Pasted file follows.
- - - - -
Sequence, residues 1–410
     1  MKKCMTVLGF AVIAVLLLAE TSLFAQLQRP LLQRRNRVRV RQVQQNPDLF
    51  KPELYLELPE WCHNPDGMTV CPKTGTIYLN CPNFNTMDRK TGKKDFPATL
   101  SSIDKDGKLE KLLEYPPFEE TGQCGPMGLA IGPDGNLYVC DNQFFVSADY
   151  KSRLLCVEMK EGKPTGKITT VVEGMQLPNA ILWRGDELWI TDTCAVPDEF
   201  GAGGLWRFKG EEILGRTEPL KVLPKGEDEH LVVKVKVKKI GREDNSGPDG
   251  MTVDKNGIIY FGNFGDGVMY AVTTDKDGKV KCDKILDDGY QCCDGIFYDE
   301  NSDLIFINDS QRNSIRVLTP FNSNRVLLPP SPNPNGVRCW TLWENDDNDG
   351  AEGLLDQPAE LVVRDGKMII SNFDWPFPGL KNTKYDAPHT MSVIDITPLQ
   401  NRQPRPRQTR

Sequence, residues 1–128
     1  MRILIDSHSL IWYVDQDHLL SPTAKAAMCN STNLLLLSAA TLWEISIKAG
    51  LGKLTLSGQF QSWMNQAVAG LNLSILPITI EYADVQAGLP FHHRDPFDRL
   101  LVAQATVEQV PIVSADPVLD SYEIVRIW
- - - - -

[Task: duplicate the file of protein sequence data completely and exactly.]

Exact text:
Sequence, residues 1–410
     1  MKKCMTVLGF AVIAVLLLAE TSLFAQLQRP LLQRRNRVRV RQVQQNPDLF
    51  KPELYLELPE WCHNPDGMTV CPKTGTIYLN CPNFNTMDRK TGKKDFPATL
   101  SSIDKDGKLE KLLEYPPFEE TGQCGPMGLA IGPDGNLYVC DNQFFVSADY
   151  KSRLLCVEMK EGKPTGKITT VVEGMQLPNA ILWRGDELWI TDTCAVPDEF
   201  GAGGLWRFKG EEILGRTEPL KVLPKGEDEH LVVKVKVKKI GREDNSGPDG
   251  MTVDKNGIIY FGNFGDGVMY AVTTDKDGKV KCDKILDDGY QCCDGIFYDE
   301  NSDLIFINDS QRNSIRVLTP FNSNRVLLPP SPNPNGVRCW TLWENDDNDG
   351  AEGLLDQPAE LVVRDGKMII SNFDWPFPGL KNTKYDAPHT MSVIDITPLQ
   401  NRQPRPRQTR

Sequence, residues 1–128
     1  MRILIDSHSL IWYVDQDHLL SPTAKAAMCN STNLLLLSAA TLWEISIKAG
    51  LGKLTLSGQF QSWMNQAVAG LNLSILPITI EYADVQAGLP FHHRDPFDRL
   101  LVAQATVEQV PIVSADPVLD SYEIVRIW